Malaysia still spinning an old tradition
By Shannon Teoh, AFP
July 9, 2014, 12:01 am TWN
PASIR PUTEH, Malaysia -- In one fluid motion, Amri Aziz flings his oversized spinning top into the air and with a whip-like crack of rope sends it whirling for the next two hours.
That's when the tea is poured.
In a time-worn tradition, contestants and spectators settle down in Malaysia's Kelantan state to see whose meticulously hand-crafted top spins the longest in the centuries-old, slow-burn contest of “gasing uri.”
Locals in the conservative Muslim heartland of the country's rural east coast cheekily call the decades-old inter-state contest, held monthly with neighboring Terengganu, their “World Cup.”
“In the olden days, this kind of game was very, very popular — like playing football is today,” said Nazife Ismail, secretary of the Kelantan Gasing Uri Association.
But though many here still live in wooden huts, modern distractions like the Internet, video games and satellite broadcasts of European football games have penetrated.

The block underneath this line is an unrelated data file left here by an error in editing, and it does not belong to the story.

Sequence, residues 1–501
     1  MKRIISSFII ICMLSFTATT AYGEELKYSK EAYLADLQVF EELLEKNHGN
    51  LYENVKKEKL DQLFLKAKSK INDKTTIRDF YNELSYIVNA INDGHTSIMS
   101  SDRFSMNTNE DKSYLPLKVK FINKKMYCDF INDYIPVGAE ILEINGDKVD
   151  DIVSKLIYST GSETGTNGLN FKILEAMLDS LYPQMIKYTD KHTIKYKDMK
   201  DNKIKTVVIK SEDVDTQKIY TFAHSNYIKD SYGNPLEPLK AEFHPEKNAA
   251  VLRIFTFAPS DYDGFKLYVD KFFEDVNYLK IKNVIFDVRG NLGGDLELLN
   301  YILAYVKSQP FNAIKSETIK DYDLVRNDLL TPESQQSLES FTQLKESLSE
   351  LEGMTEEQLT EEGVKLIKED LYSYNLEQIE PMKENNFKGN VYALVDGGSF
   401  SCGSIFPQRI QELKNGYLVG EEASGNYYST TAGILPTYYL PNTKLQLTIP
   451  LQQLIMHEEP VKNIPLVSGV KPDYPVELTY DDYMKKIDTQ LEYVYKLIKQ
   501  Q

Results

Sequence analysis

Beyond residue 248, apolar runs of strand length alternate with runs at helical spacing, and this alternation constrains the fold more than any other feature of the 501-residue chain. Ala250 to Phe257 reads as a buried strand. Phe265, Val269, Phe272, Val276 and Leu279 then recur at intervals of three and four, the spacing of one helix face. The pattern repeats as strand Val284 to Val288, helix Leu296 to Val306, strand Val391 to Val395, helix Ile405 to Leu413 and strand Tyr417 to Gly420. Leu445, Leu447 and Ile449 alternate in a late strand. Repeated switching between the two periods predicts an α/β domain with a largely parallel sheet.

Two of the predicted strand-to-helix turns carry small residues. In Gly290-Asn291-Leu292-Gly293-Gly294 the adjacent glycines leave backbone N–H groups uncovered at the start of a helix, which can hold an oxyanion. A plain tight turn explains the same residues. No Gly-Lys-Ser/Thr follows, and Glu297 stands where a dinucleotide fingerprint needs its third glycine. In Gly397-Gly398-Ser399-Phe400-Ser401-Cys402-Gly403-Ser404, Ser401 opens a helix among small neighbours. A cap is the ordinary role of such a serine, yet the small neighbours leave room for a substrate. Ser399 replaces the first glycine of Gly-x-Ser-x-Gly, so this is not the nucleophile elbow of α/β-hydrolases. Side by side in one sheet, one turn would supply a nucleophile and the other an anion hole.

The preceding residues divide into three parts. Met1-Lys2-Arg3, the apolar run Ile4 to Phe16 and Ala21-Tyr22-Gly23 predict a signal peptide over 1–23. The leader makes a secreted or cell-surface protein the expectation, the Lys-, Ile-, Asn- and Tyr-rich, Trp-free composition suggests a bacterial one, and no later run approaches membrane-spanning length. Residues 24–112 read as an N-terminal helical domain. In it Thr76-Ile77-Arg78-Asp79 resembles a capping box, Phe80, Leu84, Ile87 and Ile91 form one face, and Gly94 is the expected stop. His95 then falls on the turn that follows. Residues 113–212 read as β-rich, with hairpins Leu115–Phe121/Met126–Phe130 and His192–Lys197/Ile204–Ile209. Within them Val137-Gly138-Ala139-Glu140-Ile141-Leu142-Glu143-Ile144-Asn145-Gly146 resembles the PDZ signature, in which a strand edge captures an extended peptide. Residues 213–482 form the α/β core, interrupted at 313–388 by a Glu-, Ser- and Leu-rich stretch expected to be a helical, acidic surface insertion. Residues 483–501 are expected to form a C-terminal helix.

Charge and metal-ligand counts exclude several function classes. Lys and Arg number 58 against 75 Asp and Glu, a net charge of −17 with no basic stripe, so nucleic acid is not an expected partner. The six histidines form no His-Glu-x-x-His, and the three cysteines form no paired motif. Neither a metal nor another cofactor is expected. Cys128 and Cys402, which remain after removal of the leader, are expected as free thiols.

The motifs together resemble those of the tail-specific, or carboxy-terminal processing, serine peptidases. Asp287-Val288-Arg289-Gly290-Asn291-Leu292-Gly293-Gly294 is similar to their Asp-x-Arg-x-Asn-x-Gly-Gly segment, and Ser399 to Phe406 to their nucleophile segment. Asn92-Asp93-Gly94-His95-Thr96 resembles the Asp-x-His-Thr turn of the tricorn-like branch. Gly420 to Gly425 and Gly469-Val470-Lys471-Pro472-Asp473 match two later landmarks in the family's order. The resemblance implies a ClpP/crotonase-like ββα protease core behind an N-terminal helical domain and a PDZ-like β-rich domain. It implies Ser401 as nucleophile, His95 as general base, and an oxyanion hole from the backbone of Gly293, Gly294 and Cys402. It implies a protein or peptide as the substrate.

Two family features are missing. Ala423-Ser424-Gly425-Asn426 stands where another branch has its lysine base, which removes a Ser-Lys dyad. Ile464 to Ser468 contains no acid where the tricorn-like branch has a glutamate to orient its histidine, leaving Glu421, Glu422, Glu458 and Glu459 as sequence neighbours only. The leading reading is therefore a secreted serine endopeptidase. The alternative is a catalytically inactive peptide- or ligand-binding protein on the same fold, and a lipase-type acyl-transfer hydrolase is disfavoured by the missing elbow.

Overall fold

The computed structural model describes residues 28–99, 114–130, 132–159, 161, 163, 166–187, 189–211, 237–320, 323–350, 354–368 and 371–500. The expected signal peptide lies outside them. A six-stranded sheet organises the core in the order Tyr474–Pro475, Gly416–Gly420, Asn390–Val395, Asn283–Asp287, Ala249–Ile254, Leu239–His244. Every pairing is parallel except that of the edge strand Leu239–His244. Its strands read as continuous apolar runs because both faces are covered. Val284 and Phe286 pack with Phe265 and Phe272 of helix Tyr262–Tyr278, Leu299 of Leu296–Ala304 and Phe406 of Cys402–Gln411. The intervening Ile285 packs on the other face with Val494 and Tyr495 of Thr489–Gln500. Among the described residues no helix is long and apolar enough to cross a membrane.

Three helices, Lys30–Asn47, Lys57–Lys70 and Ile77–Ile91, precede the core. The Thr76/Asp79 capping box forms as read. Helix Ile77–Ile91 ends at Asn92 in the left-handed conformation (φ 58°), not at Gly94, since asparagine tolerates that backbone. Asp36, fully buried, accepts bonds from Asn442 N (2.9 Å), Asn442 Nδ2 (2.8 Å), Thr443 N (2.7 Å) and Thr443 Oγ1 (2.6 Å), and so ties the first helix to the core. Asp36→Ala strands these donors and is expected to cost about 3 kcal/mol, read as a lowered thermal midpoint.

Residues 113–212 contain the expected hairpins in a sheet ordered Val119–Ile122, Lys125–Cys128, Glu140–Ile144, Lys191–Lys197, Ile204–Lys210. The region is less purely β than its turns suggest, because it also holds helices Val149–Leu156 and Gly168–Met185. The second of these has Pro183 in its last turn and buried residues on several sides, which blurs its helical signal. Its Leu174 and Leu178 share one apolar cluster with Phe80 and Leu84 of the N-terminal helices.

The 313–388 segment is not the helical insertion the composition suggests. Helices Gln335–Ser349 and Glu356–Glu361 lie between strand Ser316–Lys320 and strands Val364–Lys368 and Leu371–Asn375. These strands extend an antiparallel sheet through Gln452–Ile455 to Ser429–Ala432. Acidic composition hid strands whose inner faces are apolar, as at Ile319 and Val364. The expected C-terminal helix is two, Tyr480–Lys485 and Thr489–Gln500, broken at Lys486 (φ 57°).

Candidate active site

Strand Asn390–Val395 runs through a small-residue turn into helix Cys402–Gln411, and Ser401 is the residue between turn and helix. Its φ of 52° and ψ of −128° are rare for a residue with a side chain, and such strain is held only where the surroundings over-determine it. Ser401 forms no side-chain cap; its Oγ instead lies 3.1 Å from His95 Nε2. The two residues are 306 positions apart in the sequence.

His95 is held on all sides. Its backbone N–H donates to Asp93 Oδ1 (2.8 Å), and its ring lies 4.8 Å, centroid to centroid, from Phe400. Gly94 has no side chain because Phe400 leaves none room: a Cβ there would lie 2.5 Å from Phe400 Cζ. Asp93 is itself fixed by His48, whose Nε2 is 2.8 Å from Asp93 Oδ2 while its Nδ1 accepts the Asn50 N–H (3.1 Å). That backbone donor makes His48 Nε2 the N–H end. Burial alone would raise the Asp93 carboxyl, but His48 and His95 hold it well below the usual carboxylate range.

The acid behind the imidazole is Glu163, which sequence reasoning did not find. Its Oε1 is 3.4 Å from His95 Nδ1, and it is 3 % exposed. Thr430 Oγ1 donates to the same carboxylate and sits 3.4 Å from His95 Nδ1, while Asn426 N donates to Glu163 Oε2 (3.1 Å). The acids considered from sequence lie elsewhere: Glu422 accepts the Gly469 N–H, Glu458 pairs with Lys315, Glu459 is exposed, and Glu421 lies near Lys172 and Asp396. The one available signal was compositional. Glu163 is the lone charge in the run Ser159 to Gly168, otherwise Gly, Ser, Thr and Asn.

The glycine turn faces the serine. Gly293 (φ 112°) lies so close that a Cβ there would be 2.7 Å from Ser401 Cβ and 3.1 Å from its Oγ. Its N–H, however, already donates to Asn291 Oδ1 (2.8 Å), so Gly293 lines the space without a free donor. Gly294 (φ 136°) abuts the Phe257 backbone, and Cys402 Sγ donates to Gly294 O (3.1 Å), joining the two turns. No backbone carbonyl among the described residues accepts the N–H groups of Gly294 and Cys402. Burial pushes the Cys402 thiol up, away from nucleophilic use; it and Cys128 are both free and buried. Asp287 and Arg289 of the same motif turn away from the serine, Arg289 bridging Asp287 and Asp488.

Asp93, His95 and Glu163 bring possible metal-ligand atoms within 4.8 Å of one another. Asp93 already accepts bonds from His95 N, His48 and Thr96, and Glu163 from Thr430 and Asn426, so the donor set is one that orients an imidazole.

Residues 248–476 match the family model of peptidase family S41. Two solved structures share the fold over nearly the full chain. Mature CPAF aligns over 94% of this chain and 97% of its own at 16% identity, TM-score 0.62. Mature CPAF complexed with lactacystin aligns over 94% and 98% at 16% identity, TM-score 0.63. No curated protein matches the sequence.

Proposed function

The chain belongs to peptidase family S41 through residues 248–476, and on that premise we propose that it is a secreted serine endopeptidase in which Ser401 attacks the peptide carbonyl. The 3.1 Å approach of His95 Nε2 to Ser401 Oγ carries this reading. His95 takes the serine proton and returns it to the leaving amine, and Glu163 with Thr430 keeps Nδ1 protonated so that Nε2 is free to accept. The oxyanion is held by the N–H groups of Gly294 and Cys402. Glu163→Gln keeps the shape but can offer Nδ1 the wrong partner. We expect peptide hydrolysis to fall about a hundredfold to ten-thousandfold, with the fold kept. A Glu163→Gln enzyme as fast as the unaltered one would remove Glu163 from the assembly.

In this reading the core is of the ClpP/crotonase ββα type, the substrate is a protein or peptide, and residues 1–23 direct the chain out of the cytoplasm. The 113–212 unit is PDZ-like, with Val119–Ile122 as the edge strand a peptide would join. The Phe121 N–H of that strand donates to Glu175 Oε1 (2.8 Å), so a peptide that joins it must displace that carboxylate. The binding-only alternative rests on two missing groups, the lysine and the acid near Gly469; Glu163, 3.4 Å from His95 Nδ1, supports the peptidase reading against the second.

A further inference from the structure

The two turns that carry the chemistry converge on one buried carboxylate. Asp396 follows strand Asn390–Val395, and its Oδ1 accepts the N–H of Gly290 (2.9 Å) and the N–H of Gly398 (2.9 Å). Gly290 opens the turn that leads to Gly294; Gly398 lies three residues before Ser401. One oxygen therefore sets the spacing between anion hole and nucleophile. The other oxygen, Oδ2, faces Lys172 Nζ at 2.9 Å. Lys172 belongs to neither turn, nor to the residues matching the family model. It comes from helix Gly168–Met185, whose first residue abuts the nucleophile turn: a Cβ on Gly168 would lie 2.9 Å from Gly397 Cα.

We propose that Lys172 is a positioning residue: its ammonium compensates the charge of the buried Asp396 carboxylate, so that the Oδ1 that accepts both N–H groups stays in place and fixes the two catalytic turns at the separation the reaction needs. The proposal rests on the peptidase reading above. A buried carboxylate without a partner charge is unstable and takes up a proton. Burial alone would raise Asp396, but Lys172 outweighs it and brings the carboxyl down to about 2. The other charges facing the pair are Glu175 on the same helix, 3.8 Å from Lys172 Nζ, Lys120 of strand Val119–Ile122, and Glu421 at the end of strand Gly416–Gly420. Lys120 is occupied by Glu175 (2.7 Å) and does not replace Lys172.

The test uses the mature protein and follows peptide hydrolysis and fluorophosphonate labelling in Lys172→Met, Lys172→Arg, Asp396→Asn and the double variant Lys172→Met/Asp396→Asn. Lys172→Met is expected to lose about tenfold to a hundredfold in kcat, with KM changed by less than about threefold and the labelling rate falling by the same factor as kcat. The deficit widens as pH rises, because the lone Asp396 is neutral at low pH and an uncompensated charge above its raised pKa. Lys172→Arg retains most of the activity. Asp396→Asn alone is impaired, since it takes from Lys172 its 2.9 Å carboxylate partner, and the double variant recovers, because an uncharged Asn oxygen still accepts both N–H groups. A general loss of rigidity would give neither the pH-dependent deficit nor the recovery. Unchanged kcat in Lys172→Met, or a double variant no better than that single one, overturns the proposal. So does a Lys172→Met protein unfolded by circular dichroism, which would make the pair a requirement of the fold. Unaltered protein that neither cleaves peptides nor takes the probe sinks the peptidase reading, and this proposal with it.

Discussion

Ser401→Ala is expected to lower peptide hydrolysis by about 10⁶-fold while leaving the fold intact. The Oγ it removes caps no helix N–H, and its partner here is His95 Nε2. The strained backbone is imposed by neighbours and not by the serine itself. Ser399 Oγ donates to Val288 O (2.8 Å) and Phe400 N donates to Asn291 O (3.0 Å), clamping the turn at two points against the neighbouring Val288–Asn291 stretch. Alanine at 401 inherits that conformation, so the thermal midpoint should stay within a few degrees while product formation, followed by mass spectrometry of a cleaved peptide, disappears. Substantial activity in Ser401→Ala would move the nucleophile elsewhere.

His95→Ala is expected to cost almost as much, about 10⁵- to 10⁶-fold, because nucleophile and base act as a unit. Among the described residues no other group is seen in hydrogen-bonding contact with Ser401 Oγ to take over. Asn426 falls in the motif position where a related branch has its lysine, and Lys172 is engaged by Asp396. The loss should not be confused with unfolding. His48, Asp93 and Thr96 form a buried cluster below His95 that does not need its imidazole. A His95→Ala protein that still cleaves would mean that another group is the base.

That makes gasing uri a difficult sell for an impatient new generation whose interest is vital to keeping the unique tradition alive.
Today few take up the sport, which requires at least five years' training before one is considered ready for contests, in which local pride is the only reward.
“I got into it because my father and uncle taught me, but I keep on playing because when there are fewer players like today, you have a better chance to shine,” said Amri.
The 22-year-old, whose disc of wood and tin weighs four kilograms, boasts bulging muscles developed by years of training with the ponderous tops, which typically measure 20 centimeters (8 inches) across.
Despite its uneventful nature, the contest begins with an amazing feat of dexterity.
After the spinner launches his gasing (top), a “scooper” catches the plate-shaped object on a small wooden paddle just centimeters wide.
“Scooping is the most difficult job. It's like football, the goalie is the most important,” said Hussain Mohamad, who has been spinning for over four decades.
Top-spinning — which developed in cultures worldwide — took hold in Malay society centuries ago as a way for men to pass the suddenly ample time available after the rice harvest.
Under age-old, pre-Islamic Malay animist beliefs, individual gasing were said to inherit the nature of trees they were made from.